The long-term goal of the proposed work is to determine how sister chromatid cohesion proteins control gene transcription. This will illuminate mechanisms that underlie certain human genetic syndromes and cancers. Cohesin topologically encircles sister chromatids to hold them together until a cell divides. Moderate reductions in cohesin activity don't disrupt chromatid cohesion, but alter gene transcription, leading to poor growth and development. High cohesin activity is linked to poor prognosis in multiple cancers. How cohesin controls transcription is largely unknown, but current evidence argues that it participates directly in multiple mechanisms. Recent discoveries argue for a new paradigm in which a balance between cohesin and the Polycomb Repressive Complex 1 (PRC1) epigenetic silencing complex globally controls both gene silencing and transcription of many active genes. The data argue that cohesin directly facilitates binding of PRC1 to active genes, where PRC1 prevents paused RNA polymerase II (Pol II) at the promoter from prematurely entering into elongation. They also suggest that cohesin at active genes sequesters PRC1, thereby controlling how much is available for gene silencing, and that PRC1 limits cohesin binding at silenced and active genes. The goal of this proposal is to test this new paradigm, and determine the mechanisms by which cohesin and PRC1 together control both gene silencing and transcription of active genes. The proposed studies combine biochemical, genetic, genomic, and biophysical approaches to test key predictions of the current model.
Aim 1 tests the ideas that cohesin physically interacts with PRC1 to directly facilitate PRC1 binding to active gene promoters, and that PRC1 limits cohesin binding through interactions with cohesin loading or removal factors.
Aim 2 tests the idea that PRC1 prevents premature entry of paused Pol II into elongation by facilitating NELF and DSIF pausing factor or Pol II kinase activities. The insights into the mechanisms by which cohesin and PRC1 control transcription provided by these studies should suggest new methods for correcting cohesin-PRC1 imbalances in genetic syndromes and cancer.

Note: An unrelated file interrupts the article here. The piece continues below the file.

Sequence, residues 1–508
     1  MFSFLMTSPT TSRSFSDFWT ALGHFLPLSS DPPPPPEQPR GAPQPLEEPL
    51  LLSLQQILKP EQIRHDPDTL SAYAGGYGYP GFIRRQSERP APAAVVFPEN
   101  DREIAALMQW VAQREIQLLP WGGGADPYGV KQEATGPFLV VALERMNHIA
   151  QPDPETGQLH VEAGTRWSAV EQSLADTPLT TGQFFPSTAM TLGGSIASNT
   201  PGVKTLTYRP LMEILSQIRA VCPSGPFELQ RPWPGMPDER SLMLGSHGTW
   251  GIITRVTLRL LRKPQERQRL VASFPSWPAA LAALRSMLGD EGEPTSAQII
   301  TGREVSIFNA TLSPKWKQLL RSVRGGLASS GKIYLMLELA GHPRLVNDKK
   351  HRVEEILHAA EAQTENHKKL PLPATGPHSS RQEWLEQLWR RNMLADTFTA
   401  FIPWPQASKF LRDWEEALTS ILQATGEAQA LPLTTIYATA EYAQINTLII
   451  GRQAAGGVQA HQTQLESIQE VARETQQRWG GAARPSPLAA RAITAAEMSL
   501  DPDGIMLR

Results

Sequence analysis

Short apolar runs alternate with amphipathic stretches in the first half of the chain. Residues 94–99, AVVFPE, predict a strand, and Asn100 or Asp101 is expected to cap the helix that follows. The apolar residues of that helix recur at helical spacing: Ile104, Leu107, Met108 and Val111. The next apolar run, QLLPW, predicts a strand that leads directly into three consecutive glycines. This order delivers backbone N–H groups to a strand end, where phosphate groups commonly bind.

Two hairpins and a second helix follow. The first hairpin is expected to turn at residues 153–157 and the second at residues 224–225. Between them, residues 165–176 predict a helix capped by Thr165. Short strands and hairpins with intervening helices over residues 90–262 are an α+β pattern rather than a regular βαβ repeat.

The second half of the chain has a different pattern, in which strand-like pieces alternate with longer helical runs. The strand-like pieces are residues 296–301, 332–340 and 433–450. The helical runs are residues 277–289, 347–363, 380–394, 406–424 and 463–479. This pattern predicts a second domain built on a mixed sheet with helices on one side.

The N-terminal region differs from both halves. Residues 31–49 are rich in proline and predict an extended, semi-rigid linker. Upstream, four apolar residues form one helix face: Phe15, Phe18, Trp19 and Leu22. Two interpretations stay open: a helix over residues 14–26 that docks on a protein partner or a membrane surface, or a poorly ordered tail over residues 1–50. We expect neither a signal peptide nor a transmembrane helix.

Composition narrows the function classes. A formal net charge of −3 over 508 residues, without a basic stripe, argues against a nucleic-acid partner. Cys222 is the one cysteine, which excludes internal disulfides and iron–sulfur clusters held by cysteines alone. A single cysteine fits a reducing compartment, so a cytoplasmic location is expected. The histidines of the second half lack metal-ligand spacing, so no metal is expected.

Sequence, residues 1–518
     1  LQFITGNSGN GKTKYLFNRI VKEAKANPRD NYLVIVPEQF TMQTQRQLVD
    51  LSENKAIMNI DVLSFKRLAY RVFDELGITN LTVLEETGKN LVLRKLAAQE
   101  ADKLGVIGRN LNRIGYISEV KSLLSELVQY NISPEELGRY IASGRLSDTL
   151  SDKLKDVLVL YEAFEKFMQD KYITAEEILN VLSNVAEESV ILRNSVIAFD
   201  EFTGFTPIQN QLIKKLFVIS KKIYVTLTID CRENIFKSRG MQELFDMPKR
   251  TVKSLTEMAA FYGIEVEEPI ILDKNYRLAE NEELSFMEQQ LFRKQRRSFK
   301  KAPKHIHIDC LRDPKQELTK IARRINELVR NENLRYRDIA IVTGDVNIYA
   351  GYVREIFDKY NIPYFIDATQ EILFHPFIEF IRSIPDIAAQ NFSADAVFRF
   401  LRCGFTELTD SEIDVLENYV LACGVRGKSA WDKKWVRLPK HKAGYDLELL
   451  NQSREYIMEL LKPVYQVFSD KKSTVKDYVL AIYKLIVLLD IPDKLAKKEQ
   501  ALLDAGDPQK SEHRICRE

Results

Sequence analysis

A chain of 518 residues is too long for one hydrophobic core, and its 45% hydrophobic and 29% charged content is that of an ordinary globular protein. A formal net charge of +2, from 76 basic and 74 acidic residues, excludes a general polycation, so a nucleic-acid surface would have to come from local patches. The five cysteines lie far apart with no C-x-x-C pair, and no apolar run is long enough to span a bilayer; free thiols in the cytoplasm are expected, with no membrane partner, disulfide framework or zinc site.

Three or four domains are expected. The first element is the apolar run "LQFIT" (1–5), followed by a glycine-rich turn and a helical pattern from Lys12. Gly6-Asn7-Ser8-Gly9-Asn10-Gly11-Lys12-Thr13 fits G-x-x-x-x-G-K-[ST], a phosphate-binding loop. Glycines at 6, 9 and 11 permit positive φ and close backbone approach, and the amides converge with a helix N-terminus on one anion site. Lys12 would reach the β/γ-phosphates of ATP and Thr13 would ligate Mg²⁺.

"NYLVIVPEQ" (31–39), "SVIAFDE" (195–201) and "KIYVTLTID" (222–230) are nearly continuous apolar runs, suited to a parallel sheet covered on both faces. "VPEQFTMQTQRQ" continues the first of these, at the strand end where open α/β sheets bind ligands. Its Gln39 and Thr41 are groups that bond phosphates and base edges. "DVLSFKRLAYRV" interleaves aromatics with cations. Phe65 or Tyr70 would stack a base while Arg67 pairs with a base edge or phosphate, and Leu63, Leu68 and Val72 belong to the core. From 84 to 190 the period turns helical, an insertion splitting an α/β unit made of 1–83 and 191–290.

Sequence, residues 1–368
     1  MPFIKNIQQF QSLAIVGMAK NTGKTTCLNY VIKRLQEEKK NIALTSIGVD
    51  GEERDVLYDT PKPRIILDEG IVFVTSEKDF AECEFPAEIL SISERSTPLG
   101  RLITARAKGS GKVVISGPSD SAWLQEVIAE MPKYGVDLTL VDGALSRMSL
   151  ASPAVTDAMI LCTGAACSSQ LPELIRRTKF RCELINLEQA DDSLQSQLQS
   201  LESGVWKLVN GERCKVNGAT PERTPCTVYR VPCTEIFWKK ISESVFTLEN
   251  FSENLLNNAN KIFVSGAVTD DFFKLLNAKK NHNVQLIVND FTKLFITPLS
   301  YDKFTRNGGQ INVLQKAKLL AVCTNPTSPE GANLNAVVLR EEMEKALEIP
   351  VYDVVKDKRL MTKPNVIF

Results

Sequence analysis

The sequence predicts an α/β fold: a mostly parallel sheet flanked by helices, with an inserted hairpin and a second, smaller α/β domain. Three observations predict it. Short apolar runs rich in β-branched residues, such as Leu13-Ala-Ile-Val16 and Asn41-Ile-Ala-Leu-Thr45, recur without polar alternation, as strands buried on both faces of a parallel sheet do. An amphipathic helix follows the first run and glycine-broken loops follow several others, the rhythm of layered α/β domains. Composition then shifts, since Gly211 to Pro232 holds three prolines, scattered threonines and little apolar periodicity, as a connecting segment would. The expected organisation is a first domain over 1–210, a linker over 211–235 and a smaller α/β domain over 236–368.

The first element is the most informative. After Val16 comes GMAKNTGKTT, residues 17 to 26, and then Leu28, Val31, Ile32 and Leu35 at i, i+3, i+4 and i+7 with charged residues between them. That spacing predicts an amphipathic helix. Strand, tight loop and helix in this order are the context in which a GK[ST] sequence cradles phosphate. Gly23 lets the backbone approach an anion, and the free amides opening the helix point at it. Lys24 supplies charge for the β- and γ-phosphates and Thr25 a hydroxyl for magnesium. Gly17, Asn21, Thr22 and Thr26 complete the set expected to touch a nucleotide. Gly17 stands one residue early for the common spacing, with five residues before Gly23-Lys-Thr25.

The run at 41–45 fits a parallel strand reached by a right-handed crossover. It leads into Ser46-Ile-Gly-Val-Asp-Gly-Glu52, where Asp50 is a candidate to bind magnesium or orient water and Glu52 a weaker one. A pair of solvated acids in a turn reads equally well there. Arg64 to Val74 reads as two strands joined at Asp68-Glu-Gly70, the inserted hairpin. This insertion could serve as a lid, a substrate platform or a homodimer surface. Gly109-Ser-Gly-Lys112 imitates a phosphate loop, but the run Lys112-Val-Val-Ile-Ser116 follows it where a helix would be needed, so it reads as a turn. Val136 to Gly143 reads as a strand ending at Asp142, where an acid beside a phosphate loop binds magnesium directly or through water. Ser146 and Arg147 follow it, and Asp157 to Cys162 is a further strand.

Public Health Relevance

This project is to determine how proteins that control the proper division of chromosomes when cells divide also control genes, development, and tumor growth. Reductions in these proteins cause Cornelia de Lange syndrome (CdLS), a severe developmental disorder and increases are associated with poor cancer prognosis. By examining how these proteins work, we will gain knowledge that will aid the search for new methods to diagnose and treat CdLS patients and certain cancers.

Agency
National Institute of Health (NIH)
Institute
National Institute of General Medical Sciences (NIGMS)
Type
Research Project (R01)
Project #
1R01GM108872-01
Application #
8611280
Study Section
Molecular Genetics B Study Section (MGB)
Program Officer
Sledjeski, Darren D
Project Start
2014-01-01
Project End
2017-12-31
Budget Start
2014-01-01
Budget End
2014-12-31
Support Year
1
Fiscal Year
2014
Total Cost
$290,325
Indirect Cost
$92,825
Name
Saint Louis University
Department
Biochemistry
Type
Schools of Medicine
DUNS #
050220722
City
Saint Louis
State
MO
Country
United States
Zip Code
63103
Dorsett, Dale; Kassis, Judith A (2014) Checks and balances between cohesin and polycomb in gene silencing and transcription. Curr Biol 24:R535-9